Book Review: Lorna Doone


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Synopsis:
“A tale of love, honour and treachery set in Exmoor during the time of James II and the Monmouth Rebellion. The Doone family are feared throughout the country. They have killed John Ridd’s father, but when he meets Lorna, a kind girl at odds with her evil family, he determines to rescue her.”


My Review: 
One of my goals in life is too read most, if not all the classics, hence why I chose this book to read. Lorna Doone is a beautifully written historical novel (published in 1869). I do really like this book, I found the storytelling engaging and entertaining with a few nice little plot twists thrown into the mix. Blackmores detailed descriptions really helped me to see the 17th Century Exmoor that he was trying to paint in my mind. Further, I found this quite a readable book for the time it was written, as in those days authors were paid by the word and boy does it show (Charles Dickens I`m looking at you)!

Whilst I enjoyed the adventure of the story and John and Lorna`s love story, I have an issue with the lack of strong female leads. I put this completely down to when the book was written but I was disappointed to find that the namesake herself Lorna Doone was quite one dimensional.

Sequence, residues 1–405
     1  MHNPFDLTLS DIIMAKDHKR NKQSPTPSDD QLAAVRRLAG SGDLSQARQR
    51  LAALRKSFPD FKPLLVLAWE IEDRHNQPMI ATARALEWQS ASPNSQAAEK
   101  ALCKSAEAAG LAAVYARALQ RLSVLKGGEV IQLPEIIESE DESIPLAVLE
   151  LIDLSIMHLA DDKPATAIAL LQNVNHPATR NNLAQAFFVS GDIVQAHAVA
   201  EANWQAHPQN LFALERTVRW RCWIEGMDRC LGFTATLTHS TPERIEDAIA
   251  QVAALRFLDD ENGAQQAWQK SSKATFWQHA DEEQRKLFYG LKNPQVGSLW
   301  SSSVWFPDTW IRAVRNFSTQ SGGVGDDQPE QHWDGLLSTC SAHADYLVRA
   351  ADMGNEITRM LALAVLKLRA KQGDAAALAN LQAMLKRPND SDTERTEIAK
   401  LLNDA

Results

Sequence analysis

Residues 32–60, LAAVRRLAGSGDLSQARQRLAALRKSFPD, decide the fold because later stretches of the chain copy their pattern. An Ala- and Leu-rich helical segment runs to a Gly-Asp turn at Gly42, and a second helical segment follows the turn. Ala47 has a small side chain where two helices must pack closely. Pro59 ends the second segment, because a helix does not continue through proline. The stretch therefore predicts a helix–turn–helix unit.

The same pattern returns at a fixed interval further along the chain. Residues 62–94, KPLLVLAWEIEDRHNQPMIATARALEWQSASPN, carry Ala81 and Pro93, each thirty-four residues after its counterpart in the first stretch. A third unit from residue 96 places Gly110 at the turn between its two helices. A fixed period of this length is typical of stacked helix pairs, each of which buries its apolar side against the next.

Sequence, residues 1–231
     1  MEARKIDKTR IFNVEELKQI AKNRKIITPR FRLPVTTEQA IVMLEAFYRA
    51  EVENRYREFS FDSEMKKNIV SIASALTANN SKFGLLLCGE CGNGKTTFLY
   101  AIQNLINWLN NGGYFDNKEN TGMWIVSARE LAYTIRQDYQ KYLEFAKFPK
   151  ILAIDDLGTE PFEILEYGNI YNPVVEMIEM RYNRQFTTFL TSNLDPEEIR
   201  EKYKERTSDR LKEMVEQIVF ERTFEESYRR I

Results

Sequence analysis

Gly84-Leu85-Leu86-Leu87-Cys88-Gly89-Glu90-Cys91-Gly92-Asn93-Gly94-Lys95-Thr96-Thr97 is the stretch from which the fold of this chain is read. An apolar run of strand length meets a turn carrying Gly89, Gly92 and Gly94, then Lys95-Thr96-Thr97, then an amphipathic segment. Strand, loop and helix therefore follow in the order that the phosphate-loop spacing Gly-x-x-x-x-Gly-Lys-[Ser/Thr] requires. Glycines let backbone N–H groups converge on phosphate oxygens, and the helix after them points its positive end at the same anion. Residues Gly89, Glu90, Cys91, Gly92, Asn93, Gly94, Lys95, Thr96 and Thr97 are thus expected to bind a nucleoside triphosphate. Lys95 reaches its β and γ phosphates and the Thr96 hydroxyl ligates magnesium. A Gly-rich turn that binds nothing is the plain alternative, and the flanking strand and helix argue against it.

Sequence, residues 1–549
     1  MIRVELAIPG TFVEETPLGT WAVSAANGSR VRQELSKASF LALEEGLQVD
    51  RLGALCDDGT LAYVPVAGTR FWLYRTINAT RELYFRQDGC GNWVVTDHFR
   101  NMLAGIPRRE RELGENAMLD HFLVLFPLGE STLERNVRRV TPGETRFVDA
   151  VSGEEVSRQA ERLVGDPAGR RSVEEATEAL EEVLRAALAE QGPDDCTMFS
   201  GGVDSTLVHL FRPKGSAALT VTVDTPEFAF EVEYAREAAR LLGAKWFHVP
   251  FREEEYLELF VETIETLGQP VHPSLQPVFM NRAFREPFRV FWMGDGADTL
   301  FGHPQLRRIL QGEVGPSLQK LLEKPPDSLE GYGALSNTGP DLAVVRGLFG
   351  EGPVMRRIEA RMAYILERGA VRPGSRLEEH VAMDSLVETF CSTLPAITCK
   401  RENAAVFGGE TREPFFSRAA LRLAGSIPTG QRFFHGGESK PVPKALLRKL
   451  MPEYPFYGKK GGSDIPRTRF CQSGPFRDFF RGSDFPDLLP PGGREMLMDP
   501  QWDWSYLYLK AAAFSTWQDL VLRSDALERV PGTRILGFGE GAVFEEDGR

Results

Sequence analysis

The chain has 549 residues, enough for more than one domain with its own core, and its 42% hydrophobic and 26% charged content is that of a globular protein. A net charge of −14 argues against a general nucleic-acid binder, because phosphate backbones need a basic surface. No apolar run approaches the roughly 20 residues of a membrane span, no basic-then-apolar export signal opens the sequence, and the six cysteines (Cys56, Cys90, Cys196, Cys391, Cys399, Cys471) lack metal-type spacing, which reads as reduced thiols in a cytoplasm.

I think my favourite character from the book is Ruth Huckaback who came across as a selfless and good person despite a few hiccups along the way. Ruth is one of the better developed female characters who features regularly in the book.  Another potential reason why I think I like her because the story is written from John`s perspective, and he had great affection for Ruth. As the book is written as a retrospective novel I think John may have painted her character kindly due to his potential regret for his misconduct regarding Ruth’s feelings.

I know that traditionally we are supposed to love the main character in the book but I’m not a fan of John Ridd this book’s protagonist. Young John is very easy to sympathise with and he shows many good qualities making him likable for a good chunk of the book. But, I found that as the story progressed, and John matured certain actions that he took made me think of him as selfish. On numerous occasions, John puts his family in danger and emotionally manipulated several female characters. Despite my underlying disdain for Johns character I still found myself rooting for him in times of peril.

To Conclude: 

 This book has stimulated various emotions ranging from dread to joy. I believe that any book that makes you feel and care is worth a read. In terms of recommending this book to read I think that novice readers should ere on the side of caution as it can be quite dry at times and the use of the local dialect can be a little challenging to interpret. With that said I think anyone could enjoy this provided they put the time in to read it (I often find period novels take longer to read/process).

Rating: 3/5


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